2022 WL 17348099
Only the Westlaw citation is currently available.
United States Court of Appeals, Tenth Circuit.
UNITED STATES of America, Plaintiff - Appellee,
Marques Alan CHARGING CROW, Defendant - Appellant.
No. 22-8011
December 1, 2022
(D.C. No. 2:20-CR-00122-SWS-1)
(D. Wyo.)



Joel M. Carson III, Circuit Judge
*1 Federal inmate Marques Alan Charging Crow, pro se, appeals the district court’s order authorizing payment of restitution from his inmate trust account. Exercising jurisdiction under 28 U.S.C. § 1291, we affirm.

Mr. Charging Crow was convicted of several federal offenses in 2020. He was sentenced to 456 months in prison and ordered to pay $8478.85 in restitution. On November 4, 2021, the United States filed a “Motion To Authorize Payment From Inmate Trust Account” requesting that the district court enter an order authorizing the Bureau of Prisons “to turnover to the Clerk of Court $2,000.00 held in [Mr. Charging Crow’s] inmate trust account as payment toward the Court ordered restitution.” R., Vol. 1 at 48. That same day, the United States mailed a copy of the motion to Mr. Charging Crow, first-class postage prepaid.

Under Local Rule 7.1(b)(1)(B), Mr. Charging Crow had “fourteen (14) days after the filing of the motion to file a written response ... in opposition to the motion.” The Rule further provides that “[t]he Court may, in its discretion, consider the failure of a responding party to file a timely response as a confession of the motion.” Id.

Having received no response, on November 29, 2021, the district court entered an order authorizing the payment. But on February 18, 2022, Mr. Charging Crow filed a response in opposition to the motion to authorize payment. He alleged that the source of the funds was an annuity payment from the Eastern Shoshone Native American tribe, which “[is] exempt from seizure,” and asked the court “deny the motion [for authorization] and restore the funds immediately.” R., Vol. 1 at 56. The court denied the motion the same day it was filed. In addition to noting the belated response, the court rejected Mr. Charging Crow’s “contention [on the merits] that his Eastern Shoshone annuity payments are exempt from seizure to pay back restitution.” Id. at 58-59 (footnote and internal quotation marks omitted). Mr. Charging Crow appeals.

“We review the district court’s interpretation of the statute de novo and its decision to authorize payment under [18 U.S.C.] § 3664(n) for abuse of discretion.” United States v. Kidd, 23 F.4th 781, 785 (8th Cir. 2022).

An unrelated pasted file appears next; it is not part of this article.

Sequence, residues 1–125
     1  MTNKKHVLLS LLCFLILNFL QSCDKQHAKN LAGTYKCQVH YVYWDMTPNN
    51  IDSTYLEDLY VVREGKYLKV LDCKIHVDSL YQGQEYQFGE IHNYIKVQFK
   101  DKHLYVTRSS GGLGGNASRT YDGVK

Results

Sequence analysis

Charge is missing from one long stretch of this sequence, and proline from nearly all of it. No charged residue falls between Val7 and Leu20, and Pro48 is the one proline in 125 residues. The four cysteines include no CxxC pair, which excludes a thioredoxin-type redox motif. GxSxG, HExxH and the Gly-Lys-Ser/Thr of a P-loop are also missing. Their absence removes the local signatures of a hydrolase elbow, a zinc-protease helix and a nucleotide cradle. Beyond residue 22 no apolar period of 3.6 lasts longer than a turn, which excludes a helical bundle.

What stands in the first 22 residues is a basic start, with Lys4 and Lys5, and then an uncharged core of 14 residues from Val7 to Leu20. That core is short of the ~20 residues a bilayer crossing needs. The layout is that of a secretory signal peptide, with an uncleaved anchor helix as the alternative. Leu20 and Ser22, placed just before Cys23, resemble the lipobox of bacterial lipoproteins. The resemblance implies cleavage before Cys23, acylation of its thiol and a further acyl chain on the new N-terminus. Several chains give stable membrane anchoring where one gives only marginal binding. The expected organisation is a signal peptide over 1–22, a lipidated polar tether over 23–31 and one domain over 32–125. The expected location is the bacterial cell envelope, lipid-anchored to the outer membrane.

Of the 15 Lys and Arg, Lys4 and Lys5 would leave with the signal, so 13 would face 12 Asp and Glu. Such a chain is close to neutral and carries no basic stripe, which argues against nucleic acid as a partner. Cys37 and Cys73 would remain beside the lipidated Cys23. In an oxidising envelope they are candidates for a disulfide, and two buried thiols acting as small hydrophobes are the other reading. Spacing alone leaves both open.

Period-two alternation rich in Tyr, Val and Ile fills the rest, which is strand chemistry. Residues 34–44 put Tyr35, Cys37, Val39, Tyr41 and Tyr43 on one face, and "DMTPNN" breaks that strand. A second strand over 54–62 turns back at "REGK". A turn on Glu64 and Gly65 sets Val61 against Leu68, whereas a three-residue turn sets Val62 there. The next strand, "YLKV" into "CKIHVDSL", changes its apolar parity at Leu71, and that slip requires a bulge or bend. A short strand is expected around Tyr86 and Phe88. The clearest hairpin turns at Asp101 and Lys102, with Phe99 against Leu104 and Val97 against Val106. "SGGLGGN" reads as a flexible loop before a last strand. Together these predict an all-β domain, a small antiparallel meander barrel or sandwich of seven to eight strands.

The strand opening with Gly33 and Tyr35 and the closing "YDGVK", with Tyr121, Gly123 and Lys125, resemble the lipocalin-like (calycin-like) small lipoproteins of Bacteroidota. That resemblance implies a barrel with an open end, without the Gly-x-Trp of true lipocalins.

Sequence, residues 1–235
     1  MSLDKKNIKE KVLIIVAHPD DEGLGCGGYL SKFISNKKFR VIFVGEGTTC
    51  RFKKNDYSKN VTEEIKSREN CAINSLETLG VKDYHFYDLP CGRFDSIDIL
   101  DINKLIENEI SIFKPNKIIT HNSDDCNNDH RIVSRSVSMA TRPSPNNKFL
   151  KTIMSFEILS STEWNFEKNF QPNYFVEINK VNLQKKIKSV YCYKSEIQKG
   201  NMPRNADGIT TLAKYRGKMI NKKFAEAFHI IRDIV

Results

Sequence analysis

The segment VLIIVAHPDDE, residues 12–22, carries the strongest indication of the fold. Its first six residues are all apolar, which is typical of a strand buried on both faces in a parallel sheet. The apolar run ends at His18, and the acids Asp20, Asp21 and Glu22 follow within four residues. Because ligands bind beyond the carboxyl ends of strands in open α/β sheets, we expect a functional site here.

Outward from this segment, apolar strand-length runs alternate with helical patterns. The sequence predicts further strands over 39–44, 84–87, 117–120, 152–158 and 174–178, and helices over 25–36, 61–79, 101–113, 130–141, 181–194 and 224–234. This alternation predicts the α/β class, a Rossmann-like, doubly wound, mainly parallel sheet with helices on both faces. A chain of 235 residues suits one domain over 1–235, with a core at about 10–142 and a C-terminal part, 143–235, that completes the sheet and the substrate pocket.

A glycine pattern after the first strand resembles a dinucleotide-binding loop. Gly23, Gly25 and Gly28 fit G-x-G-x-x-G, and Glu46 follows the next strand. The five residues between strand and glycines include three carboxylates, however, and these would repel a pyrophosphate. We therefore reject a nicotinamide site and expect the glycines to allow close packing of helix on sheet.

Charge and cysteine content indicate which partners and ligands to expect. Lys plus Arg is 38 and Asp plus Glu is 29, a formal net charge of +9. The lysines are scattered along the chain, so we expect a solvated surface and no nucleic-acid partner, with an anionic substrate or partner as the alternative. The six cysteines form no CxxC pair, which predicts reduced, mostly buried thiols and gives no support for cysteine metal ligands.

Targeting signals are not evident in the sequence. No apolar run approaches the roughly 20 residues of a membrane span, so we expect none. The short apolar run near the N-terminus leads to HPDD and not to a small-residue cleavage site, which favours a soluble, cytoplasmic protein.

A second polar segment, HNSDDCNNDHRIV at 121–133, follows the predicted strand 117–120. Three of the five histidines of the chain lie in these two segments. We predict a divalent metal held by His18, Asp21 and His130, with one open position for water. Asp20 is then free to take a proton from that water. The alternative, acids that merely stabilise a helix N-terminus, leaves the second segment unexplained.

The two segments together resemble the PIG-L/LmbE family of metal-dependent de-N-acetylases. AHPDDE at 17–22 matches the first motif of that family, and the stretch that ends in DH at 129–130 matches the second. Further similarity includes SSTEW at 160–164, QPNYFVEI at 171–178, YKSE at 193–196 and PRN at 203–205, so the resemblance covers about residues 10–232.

Mr. Charging Crow’s brief on appeal contains two arguments: (1) “[u]nder 26 U.S.C. § 6334(a)(6), the funds were exempt from collection because they were dispersed from a Native American annuity fund”; and (2) he was denied due process when the court “encumber[ed] ... the funds without first notifying [him] and providing an opportunity to be heard.” Aplt. Opening Br. at 3. He is mistaken.

“[A]n order of restitution ... is a lien in favor of the United States on all property and rights to property of the person [ordered to pay restitution] as if the liability of the person ... were a liability for a tax assessed under the Internal Revenue Code.” 18 U.S.C. § 3613(c). To be sure, the Internal Revenue Code exempts certain property from levy, including
[a]nnuity or pension payments under the Railroad Retirement Act, benefits under the Railroad Unemployment Insurance Act, special pension payments received by a person whose name has been entered on the Army, Navy, Air Force, and Coast Guard Medal of Honor roll ..., and annuities based on retired or retainer pay under chapter 73 of title 10 of the United States Code.
*2 26 U.S.C. § 6334(a)(6). But none of the exemptions include annuity payments from a Native American tribe.

There is also no merit to Mr. Charging Crow’s argument that he was denied due process. The United States served a copy of its motion on him, and the district court promptly considered his belated response in opposition and entered its order. Nothing more was required. See Elliott v. Martinez, 675 F.3d 1241, 1245 (10th Cir. 2012) (“The core of due process is the right to notice and a meaningful opportunity to be heard.” (internal quotation marks omitted)).

The judgment of the district court is affirmed. We grant Mr. Charging Crow’s motion for leave to proceed on appeal without prepayment of costs and fees.

All Citations
Not Reported in Fed. Rptr., 2022 WL 17348099



After examining the briefs and appellate record, this panel has determined unanimously to honor the parties’ request for a decision on the briefs without oral argument. See Fed. R. App. P. 34(f); 10th Cir. R. 34.1(G). The case is therefore submitted without oral argument. This order and judgment is not binding precedent, except under the doctrines of law of the case, res judicata, and collateral estoppel. It may be cited, however, for its persuasive value consistent with Fed. R. App. P. 32.1 and 10th Cir. R. 32.1.